Mentoring matters for children of prisoners, who often come from unstable pasts and uncertain futures. Our mentors not only change children’s lives, but they change their own. They act as an Aunty, Uncle, big brother, or big sister figure who are the joke tellers, adventurers, and trusted supporters that these children have been missing.
Read some of the real differences our mentors have had on our rangatahi's lives.
J (7) was very young when his father went to prison for family violence. There was an attempt to reconnect when his Dad was released but often J was left waiting on the doorstep for his father to arrive. As a result, J struggled to trust adults., J did not have any positive male role models in his life, until he was matched with his mentor.
As soon as the pair met, they instantly hit it off. Connecting over a love of cars, they bonded over rallies and dirt bike racing. His mentor recently said, “J is so full of beans, always at 100%, I feel like I’m doing something right when he falls asleep in the car on our way home from our days out.”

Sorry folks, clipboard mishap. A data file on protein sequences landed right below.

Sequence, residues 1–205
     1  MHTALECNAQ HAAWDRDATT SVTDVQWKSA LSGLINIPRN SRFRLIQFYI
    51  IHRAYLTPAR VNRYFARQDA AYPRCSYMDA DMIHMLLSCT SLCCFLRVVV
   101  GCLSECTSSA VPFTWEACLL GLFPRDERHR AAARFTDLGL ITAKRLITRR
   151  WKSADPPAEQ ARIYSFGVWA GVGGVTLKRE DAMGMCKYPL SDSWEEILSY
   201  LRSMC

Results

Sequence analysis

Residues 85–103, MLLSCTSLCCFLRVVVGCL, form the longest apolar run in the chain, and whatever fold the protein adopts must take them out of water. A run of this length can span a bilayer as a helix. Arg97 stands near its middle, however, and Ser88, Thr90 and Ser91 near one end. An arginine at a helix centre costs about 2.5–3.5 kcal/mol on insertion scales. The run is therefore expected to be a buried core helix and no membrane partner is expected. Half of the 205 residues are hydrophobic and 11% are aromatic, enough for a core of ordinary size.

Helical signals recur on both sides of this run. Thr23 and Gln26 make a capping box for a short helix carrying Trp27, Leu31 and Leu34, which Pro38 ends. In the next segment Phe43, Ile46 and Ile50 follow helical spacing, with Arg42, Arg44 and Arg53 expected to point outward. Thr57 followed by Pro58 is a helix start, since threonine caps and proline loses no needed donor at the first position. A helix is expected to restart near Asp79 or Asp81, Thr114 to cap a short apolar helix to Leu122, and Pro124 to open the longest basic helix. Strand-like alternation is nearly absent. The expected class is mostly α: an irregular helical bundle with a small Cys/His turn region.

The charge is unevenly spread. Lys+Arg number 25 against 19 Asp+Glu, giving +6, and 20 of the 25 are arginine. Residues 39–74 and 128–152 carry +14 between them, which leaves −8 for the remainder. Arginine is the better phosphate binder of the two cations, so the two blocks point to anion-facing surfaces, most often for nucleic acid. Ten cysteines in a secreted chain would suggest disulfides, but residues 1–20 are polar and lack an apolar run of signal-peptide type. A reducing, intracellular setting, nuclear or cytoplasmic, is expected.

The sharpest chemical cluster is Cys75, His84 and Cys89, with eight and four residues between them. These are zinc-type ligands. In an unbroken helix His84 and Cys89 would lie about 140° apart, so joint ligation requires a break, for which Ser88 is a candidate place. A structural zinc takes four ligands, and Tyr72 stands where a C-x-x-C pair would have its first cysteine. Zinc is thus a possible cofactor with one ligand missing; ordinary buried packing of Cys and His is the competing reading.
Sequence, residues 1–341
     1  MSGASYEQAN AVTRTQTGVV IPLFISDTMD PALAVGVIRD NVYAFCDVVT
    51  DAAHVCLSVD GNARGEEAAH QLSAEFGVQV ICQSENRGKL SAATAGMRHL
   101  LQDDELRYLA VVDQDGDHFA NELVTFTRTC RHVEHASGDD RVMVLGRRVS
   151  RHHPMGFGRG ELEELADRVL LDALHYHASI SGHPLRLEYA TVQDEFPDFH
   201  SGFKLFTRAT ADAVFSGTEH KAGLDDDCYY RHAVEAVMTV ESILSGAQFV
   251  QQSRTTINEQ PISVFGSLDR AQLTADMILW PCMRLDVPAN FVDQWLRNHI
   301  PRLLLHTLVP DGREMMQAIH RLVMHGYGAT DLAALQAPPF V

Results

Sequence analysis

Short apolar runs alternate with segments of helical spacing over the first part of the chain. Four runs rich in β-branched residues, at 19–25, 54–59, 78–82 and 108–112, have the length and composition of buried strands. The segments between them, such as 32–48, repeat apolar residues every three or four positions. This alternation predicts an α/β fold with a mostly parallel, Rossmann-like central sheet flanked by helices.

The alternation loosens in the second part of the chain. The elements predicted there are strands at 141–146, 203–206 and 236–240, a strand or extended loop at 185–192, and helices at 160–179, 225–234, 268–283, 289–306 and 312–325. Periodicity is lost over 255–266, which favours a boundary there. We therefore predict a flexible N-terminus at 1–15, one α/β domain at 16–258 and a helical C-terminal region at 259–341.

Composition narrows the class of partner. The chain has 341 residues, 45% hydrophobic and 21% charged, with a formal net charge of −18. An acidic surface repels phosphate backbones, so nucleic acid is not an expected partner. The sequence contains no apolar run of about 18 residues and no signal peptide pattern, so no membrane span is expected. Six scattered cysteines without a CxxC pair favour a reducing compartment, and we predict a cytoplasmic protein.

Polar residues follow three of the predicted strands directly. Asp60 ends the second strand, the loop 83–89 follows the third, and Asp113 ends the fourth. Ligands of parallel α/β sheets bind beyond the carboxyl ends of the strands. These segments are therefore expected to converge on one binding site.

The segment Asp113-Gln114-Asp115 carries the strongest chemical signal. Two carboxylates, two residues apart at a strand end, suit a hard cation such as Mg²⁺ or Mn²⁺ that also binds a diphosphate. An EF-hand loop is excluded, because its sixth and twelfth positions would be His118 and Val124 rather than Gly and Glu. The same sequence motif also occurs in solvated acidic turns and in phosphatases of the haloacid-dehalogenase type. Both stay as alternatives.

This mentor match has made the world of difference to J.
L (9) is the oldest of 7 siblings. With their whare quite chaotic at times, he often fades into the background. Having a mentor has completely brought him out of his shell.
His mentor is a positive male role model in his life, having both dad and stepdad in prison. Through their mutual love of a good joke and a good burger, the two have formed an incredible bond. Offering gentle support with school and helping with reading, his mentor is keeping him engaged in education: an important and vital pathway to positive futures.
From suffering with severe anxiety to being an absolute chatterbox. That is the difference mentoring can make.
C (14) struggled with her father’s arrest, dealing with feelings of stigma, grief, and shame. It has been very difficult for C to leave the house or be in crowded places.
Enter her mentor, who is warm, kind, empathetic and highly intuitive. Because of her mentor, C can enjoy being a teenager again, talking non-stop when they are together; showing how safe and comfortable she is in her mentor’s company. They even took a massive step together, attending Pillars big annual Christmas party. They chose a comfortable spot under a tree to watch the activities, but her attendance was a huge step forward.
You can make a real difference in a young person’s life, all while kicking a ball around, cracking jokes, and providing Pillars young people with quality time, experiences, and opportunities outside of their horizons.
Show tamariki that there is a different future, that there are trusted, reliable adults out there.